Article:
How Much of a Risk Are You?

Written by Donegal Marketing

January 8, 2021

How Lifestyle Choices Add Up to Insurance Costs

Have you ever wondered: How much of an insurance risk are you? And, how does that factor into your premium cost? How can one carrier’s price so vastly differ from another? The answer is a simple one: Insurance companies look at your lifestyle choices. 

Just as you study various companies to determine the best coverage, insurance carriers calculate your premium rate by considering different factors in your life. Finding the right insurance can seem like a challenge, leading many to opt for convenience and pick the first insurance company that they quote. In matching your lifestyle with what your insurance company is willing to offer, however, it’s crucial to research multiple carriers to find the right amount of coverage for you at the right price. One size never fits all- and you shouldn’t let an insurance company tell you otherwise.

Miniature real estate house with for rent label
Insurance Scores

Often, insurance companies determine your home and auto premiums by looking at an insurance score, determined through a combination of a consumer’s credit score, payment history, outstanding debt, credit history length, and the pursuit of new credit. These scores aid insurance companies in predicting how often an individual will file a claim and pay their deductible. Studies have shown that people with higher credit scores tend to file fewer accident claims. By contrast, their counterparts have a higher likelihood that a claim will be reported. The reason for these findings? Consumers with better credit scores are more likely to have a higher discretionary income that allows them to pay out of pocket for incidences to avoid filing a claim that may only go toward their deductible anyway.

Worried about your insurance score? There are many ways to improve yours, including: 

  • Paying your bills on time 
  • Reducing your debt 
  • And, limiting the number of insurance claims filed over a small amount of time 

Insurance companies can’t deny you because of a low credit score. If you have a credit score of 700 and above though, the carrier may be inclined to offer you a discount. Insurance scores are just a snapshot of time and can fluctuate. If you’re willing to make some slight changes towards improving your score, you’ll have a better chance of getting a reasonable rate on your home and auto insurance.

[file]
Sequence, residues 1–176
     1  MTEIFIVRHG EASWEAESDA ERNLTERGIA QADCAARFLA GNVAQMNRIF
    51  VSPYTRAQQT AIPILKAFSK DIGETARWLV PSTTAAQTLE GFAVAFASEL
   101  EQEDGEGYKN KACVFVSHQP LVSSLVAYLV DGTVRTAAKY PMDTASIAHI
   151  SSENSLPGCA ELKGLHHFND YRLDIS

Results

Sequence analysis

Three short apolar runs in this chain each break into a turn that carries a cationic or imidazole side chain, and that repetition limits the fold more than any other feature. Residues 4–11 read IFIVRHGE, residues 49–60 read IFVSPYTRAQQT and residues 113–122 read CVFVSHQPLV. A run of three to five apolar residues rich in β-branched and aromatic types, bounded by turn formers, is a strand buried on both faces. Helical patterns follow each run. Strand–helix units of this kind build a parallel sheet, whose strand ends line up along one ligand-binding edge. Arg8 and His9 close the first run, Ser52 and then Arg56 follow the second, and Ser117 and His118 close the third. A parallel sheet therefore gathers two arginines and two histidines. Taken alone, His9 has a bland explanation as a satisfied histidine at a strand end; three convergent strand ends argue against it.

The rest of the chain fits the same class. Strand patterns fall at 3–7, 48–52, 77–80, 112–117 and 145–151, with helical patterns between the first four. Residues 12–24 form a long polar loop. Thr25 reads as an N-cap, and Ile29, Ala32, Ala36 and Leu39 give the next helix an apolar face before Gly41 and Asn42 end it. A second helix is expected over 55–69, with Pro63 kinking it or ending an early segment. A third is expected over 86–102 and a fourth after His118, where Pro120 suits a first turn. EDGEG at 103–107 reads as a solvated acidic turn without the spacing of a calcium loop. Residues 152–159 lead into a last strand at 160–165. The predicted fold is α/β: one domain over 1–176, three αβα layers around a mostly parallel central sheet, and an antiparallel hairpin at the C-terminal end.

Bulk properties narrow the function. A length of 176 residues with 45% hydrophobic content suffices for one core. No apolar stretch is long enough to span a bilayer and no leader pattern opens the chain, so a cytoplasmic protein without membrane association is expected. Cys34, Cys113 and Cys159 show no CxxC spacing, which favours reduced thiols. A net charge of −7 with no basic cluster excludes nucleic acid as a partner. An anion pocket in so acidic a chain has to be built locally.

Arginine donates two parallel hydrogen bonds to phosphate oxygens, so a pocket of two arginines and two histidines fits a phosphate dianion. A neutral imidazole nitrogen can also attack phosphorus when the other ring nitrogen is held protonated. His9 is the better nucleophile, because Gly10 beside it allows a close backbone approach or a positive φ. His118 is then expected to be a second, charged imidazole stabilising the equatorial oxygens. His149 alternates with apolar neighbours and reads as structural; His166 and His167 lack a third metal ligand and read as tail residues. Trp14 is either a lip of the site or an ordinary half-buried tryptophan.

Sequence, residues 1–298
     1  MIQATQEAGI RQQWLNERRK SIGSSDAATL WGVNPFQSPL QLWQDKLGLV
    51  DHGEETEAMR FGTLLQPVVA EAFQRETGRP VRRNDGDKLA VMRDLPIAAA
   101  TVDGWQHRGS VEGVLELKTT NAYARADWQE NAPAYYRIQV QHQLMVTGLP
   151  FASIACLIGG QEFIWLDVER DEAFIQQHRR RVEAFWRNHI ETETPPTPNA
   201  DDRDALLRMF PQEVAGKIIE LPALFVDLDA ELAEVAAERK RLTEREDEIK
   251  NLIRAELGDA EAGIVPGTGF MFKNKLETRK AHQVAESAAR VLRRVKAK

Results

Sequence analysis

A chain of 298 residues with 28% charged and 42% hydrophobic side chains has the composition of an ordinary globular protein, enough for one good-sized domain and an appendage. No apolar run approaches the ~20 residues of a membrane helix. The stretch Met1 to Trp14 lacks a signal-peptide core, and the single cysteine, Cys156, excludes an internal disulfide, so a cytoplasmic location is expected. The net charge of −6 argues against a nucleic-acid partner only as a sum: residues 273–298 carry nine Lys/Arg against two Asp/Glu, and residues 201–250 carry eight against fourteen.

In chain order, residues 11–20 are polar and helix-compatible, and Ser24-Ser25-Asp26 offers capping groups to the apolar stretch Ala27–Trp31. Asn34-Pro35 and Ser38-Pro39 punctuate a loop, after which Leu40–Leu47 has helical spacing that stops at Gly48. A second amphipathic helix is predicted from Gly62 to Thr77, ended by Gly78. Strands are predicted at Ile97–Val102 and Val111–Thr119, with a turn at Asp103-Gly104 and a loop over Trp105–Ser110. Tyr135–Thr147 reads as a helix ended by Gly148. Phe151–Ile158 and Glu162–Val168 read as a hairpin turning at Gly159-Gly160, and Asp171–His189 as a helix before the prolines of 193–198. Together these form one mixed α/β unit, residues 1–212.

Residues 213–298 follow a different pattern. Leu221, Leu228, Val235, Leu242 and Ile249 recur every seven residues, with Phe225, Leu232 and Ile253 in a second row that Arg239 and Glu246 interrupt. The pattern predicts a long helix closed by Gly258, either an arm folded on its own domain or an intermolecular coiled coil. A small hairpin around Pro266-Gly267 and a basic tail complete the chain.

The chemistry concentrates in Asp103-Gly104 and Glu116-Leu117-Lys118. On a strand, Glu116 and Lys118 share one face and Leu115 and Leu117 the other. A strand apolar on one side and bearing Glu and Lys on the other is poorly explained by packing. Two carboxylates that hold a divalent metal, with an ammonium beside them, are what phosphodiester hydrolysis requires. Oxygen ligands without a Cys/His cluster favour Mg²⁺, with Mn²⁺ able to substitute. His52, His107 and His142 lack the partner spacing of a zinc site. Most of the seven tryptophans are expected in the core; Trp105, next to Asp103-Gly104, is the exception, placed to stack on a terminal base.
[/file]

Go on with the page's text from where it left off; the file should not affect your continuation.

Homeowners Insurance

Homeowners insurance is designed to bring your home and possessions back to the same condition they were in before a loss occurred, and to protect you against any accident that might occur on your property. It’s not designed to improve parts of your home or renovate an entire space. Among the questions insurance companies will consider:

  • Where is the home located?
  • What is the neighborhood crime rate?
  • Is the house near a fire department?
  • What is the condition, materials, and age of the home?

These standard questions are used to determine parts of your premium may be out of your control. Good lifestyle choices, however, like staying on top of preventative maintenance, can lead to lower premiums. By fixing small issues before they become big ones, you’ll save money. On the other hand, frequent claims translate to higher rates. 

Car Insurance

When shopping for car insurance, it may be tempting to reduce your rate by choosing lower coverage and a higher deductible because you assume you are a safe driver. Common sense tells us, however, that insurance exists for the sole purpose of “just in case” one has an accident, regardless of who is at fault. Like homeowners insurance, it’s essential to find the proper coverage for you. Insurance companies look at your age, marital status, location of the vehicle, type of vehicle and credit score when determining your premium. Preventative measures you can incorporate into your life to make your premium cheaper include:  

  • Bundling your home and auto insurance together, saving you an estimated 10-20% on premiums
  • Practicing safe driving, avoiding tickets and accidents 
  • Having young drivers take a driver training course, and maintaining good grades
  • Researching the type of car you are buying and future maintenance costs

While you can reduce your premium by choosing a higher deductible, know that you’ll incur higher out of pocket costs in the event of an incident. Prepare for this by setting aside money in a “just in case” fund, to not bankrupt you to pay your deductible. Higher deductible coverage will save 10-15% on your insurance annually. By doing your research, making smart vehicle choices and obeying traffic laws, you can make a positive impact on how much you pay for insurance. Determining the proper coverage for your lifestyle needs can be tricky and time-consuming; however, getting the insurance that best suits your needs is necessary and will save you money in the long term.


Written by Isabella Malave during her summer internship at Donegal Insurance Group


The above information is not based on Donegal Insurance Group’s rating standards.


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